"Rabbi Emanuel Feldman’s excellent Second Thoughts piece (“Up Is Down and Down Is Up”) should be published in every newspaper and magazine throughout the country and blasted out in every media platform available"
Sephardim Were There First [Latino Lakewood / Issue 866)
Thank you for your feature on the new religious development in Mexico. A few corrections and some background are in order.
Jews from Syria and Iraq didn’t start coming after the Ashkenazim, as the article says. In 1909, Jews from Aleppo, Syria, founded their first association in Mexico City — 13 years before any Ashkenazi religious or communal entity would appear on the scene. The first Jewish communal organization in the country, known as Alianza Monte Sinaí, composed of both Ashkenazi and Sephardi Jews, was established in 1912 in that city.
The website of the Justo Sierra 71 synagogue in Mexico City, the first founded by Ashkenazi Jews there, tells the story of the community, but it doesn’t identify one particular person as its founder.
In a room in the old La Merced market, in downtown Mexico City, Jewish immigrants from Hungary, Lithuania, Poland, and Russia founded a charitable organization called Nidjei Israel in 1922. Religious services were held in rented rooms or in private homes.
In 1937 the community purchased two houses on Justo Sierra Street, numbers 71 and 73, where a synagogue, a community center, and a social hall would be established. The Justo Sierra 71 synagogue, also known as Nidjei Israel, the third-oldest in Mexico City, is now a cultural center.
One of the two Jewish neighborhoods where most of the Jews live in Mexico City is Polanco, not Polanca, as stated in the article. The last greeting in the article was misspelled as well. It should be “felicidades,” not “felicinades.”
Maaleh Adumim, Israel
Required Reading [Second Thoughts / Issue 866]
I have lived on four continents and in ten countries or states. Thirty years ago, when I first came to the United States of America, I quickly saw that this was the second-best place in the world to live — second only to Eretz Yisrael.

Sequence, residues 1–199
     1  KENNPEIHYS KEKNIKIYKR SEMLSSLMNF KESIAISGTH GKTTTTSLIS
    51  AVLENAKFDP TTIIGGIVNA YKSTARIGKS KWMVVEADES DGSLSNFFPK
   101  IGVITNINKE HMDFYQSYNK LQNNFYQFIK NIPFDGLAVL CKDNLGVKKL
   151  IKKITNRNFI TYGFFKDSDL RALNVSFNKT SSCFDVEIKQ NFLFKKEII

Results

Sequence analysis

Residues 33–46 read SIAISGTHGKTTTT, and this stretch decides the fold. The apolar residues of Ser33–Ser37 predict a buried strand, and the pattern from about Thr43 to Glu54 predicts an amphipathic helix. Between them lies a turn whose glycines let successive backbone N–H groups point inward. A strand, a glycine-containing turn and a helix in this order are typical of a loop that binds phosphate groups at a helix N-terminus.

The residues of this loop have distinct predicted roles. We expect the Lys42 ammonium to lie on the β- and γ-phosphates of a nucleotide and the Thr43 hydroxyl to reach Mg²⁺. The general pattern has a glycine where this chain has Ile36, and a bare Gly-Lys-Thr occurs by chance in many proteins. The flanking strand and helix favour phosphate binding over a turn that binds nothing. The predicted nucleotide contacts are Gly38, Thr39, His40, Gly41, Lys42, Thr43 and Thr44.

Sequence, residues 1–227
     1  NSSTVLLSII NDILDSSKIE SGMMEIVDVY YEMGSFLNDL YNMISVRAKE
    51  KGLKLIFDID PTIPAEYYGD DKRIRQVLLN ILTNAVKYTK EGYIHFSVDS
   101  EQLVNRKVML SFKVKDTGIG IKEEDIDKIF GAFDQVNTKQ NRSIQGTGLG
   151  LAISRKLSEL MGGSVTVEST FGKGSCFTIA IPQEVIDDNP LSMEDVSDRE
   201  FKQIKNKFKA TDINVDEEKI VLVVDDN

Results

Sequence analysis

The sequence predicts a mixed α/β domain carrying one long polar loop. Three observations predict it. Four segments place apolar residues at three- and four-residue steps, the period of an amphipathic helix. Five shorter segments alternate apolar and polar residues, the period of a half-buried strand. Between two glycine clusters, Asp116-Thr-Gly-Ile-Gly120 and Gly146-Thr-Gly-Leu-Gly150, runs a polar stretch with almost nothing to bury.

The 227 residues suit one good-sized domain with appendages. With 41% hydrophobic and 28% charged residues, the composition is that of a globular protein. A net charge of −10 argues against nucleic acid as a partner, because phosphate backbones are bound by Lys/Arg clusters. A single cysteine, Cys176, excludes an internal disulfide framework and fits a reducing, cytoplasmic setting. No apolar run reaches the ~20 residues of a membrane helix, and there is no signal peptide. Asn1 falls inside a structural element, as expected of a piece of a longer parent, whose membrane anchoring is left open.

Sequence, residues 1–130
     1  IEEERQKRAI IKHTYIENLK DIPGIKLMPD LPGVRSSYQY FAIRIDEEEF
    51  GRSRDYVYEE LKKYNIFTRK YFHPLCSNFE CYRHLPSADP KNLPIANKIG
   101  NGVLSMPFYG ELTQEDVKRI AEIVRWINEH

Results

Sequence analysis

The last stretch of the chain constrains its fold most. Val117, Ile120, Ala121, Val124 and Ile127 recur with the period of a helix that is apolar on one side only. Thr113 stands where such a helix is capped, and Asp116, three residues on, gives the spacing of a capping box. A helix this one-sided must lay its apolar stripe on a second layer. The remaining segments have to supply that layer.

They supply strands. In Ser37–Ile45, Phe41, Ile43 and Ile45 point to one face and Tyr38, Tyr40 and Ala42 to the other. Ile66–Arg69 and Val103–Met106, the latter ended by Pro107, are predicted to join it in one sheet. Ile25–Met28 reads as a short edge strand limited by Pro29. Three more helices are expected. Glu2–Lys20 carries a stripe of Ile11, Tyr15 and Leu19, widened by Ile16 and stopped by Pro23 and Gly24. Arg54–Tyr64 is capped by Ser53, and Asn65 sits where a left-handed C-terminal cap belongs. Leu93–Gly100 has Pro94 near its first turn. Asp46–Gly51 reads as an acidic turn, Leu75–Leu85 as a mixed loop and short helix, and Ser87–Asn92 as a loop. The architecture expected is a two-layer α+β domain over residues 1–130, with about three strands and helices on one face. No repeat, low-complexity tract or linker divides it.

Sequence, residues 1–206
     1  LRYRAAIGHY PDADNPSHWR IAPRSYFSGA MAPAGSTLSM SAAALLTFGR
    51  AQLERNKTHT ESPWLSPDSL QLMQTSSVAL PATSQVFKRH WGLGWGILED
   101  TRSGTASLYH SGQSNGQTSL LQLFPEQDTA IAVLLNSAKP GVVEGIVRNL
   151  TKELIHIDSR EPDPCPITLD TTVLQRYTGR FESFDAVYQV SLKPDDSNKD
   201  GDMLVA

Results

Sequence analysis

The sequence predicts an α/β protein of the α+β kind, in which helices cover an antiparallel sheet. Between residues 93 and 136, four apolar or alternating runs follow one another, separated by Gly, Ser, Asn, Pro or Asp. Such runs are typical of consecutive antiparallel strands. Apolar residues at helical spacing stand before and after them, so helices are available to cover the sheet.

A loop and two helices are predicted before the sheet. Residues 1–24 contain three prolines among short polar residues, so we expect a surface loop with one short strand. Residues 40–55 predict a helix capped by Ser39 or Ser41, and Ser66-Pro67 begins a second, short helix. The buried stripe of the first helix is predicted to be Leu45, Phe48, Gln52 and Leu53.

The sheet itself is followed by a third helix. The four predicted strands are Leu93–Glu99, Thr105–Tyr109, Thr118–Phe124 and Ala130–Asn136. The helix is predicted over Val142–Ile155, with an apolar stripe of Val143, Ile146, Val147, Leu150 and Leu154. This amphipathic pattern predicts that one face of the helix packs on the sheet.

The America of today — with its polarization and hate — is not the same as it was 30 years ago. Rabbi Emanuel Feldman’s excellent Second Thoughts piece (“Up Is Down and Down Is Up”) should be published in every newspaper and magazine throughout the country and blasted out in every media platform available. Everyone — from the politicians down to the homeless children in our society — should wake up to the absolute truth of Rabbi Feldman’s words, before this country goes the way of ancient Rome and Greece.
They Share and We Share [Second Thoughts / Issue 866]
Bravo to Rabbi Emanuel Feldman for having the courage to say things exactly as they are without worrying about being politically correct (or racist, for that matter).
Both my husband and I were raised in Europe but did not want to bring up our children on that post-Holocaust blood-soiled continent. With a lot of courage, a hefty dose of youthful naivete, and two little children in tow, we picked ourselves up and moved to California with the hope of establishing a fine Jewish family in this medinah shel chesed, b’siyata d’Shmaya.
Forty-plus years later, I am shocked at watching the moral fabric of this great country unravel right in front of my very eyes. What ever happened to honesty, hard work, integrity, respect for another‘s property, morality, self-discipline, and self-respect?
Rabbi Feldman’s piece reminds me of a phone conversation I had with a relative on the East Coast. This took place right during the post-Floyd disaster, BLM riots, burning, looting and all.
She related to me how her cousin’s cleaning lady pulled out her cell phone and proudly showed off a clip of her teenage son rioting and looting. She was literally shepping nachas!
Can you believe something like that? This woman gets free medical care and other freebies, and instead of being grateful to her host country, she is proud of her son robbing someone else of his hard-earned possessions!
After my initial wave of nausea subsided, I asked myself the following question: What kind of a clip would a Jewish mother proudly share with her friend? It would certainly be her son’s Chumash seudah, her daughter’s siddur party, her older son’s bar mitzvah pshetl and possibly her Bais Yaakov daughter’s chesed award.